After decades serving other purposes, the building which housed the first Black church in New Hampshire may become the home of its newest.
A community calling itself New Friends of the Pearl is working to raise funds to purchase the building at the corner of Pearl and Hanover streets in Portsmouth. If they succeed, they will lease the property to the Sovereign Souls Fellowship African Methodist Episcopal Church, under the leadership of Rev. Robert H. Thompson.
A bronze plaque affixed to the building by the Portsmouth Black Heritage Trail gives the following brief history:
“In 1915 the congregation of People’s Baptist Church, which had been meeting at the South Ward Hall for more than twenty-five years, bought this 1857 building for $1200. Though officially Baptist, its membership was multidenominational. For decades it was the heart of Black Portsmouth’s social, political, and spiritual life. Among its many distinguished visitors was the young Martin Luther King, Jr. who preached here on October 26, 1952.”
The building was sold in 1984, to facilitate the building of the New Hope Baptist Church on Peverly Hill Road. It became a restaurant, served as a function hall, and, more recently—until the pandemic threw a stick in the spokes—served as an office for a global shipping company.
In June, the Portsmouth Herald reported that the building was on the market for $1.5 million.
Perusing the Boston Globe on October 1st, we were surprised to see The Pearl get a mention in a column by Alex Beam. “Remind me again,” Beam wrote, “Facebook is the greatest instantiation of satanic evil in the 21st-first century . . . why? I’ve been on Facebook for over a decade, and here are some typical recent interactions: I learned that the Rev. Robert Thompson is trying to buy New Hampshire’s first Black-owned church, The Pearl, in Portsmouth. Facebook facilitated donations, and I made one. …”
Having searched Facebook in vain for a fund-raising page, we reached out directly to Rev. Thompson.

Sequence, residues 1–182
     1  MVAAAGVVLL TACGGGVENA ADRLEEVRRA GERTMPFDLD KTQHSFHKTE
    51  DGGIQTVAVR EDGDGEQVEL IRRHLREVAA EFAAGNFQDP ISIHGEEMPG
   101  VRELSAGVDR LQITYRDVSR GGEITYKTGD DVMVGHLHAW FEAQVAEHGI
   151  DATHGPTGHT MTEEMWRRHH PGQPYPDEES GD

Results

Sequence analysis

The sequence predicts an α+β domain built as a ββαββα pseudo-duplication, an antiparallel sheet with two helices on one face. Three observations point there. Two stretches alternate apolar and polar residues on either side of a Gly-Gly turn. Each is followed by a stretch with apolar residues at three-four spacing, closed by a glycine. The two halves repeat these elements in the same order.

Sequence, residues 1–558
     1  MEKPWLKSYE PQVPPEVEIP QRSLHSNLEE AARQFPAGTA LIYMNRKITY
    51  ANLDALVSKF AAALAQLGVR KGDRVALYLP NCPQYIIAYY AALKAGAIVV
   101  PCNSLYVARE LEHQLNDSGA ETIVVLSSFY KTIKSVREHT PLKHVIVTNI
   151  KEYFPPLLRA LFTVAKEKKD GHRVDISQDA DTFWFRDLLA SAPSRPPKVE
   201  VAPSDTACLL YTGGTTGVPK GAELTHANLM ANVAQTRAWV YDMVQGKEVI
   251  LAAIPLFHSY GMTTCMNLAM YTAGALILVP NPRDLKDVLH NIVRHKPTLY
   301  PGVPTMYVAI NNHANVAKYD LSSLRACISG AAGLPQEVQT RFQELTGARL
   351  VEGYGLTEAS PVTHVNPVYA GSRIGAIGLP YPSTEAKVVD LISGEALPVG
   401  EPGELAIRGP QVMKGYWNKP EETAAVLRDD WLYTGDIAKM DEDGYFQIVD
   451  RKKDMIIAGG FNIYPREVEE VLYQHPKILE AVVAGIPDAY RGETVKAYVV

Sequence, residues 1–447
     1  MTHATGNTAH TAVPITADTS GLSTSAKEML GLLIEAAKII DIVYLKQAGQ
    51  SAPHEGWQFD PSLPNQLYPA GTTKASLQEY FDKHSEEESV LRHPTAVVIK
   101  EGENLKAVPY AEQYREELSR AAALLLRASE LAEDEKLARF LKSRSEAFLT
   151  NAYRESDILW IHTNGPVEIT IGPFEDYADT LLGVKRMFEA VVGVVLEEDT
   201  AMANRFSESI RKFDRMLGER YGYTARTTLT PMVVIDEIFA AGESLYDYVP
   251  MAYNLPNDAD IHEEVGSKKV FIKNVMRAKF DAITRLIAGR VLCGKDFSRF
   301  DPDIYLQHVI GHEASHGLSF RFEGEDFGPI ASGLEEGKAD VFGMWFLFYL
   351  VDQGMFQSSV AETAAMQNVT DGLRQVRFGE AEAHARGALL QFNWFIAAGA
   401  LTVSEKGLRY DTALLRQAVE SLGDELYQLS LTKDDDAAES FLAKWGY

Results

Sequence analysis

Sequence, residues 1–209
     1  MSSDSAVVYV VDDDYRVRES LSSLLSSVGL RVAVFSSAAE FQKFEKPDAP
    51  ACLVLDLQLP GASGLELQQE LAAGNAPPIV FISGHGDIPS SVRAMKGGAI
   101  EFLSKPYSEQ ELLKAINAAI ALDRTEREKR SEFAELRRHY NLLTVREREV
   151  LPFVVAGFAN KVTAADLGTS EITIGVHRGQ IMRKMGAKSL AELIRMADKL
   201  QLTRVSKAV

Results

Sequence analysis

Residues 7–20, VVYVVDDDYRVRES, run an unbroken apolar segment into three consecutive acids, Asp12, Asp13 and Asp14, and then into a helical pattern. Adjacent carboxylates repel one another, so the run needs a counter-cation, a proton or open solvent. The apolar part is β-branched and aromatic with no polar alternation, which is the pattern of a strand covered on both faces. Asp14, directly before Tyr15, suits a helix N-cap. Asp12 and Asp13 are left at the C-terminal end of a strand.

“I had resisted the idea of starting a church for some time,” he said “because I didn’t feel that I had the specific gifts necessary to begin a new work. But, when the Pearl became available, it triggered something in me and made me feel that perhaps building a new work in Portsmouth might be something I could do.
“I began to become very excited about the idea of an African Methodist Episcopal Church in Portsmouth. As I thought about it, the idea of a congregation of primarily white people being part of a historically and predominantly Black Christian denomination would be an unusual experience.”
Contributions may be made towards the building purchase by checks made out to New Friends of the Pearl. Contributions may also be made to Sovereign Souls Fellowship. Both may be mailed in care of Robert H. Thompson, 15 Colonial Way, Exeter, N.H. 03833
[Note: We began using the term “Alleged News” years ago, in our printed paper, in reference to our own work. Mostly meant to be a small amusement, it also acknowledges our sense of fallibility—which, of course, we share with other, more recently-founded providers of news. The term has since been incorporated into this website as a “category,” in such a way that we are obliged to use it on all news, whether created by us, or by others. Generally, this has proven to be a harmless little gag. In this case, we wish to emphatically state that this story is not “alleged” in any way. In fact, it can be taken as (secular) gospel. We may be heathenish, but we’re pleased to bear good news. – The Ed.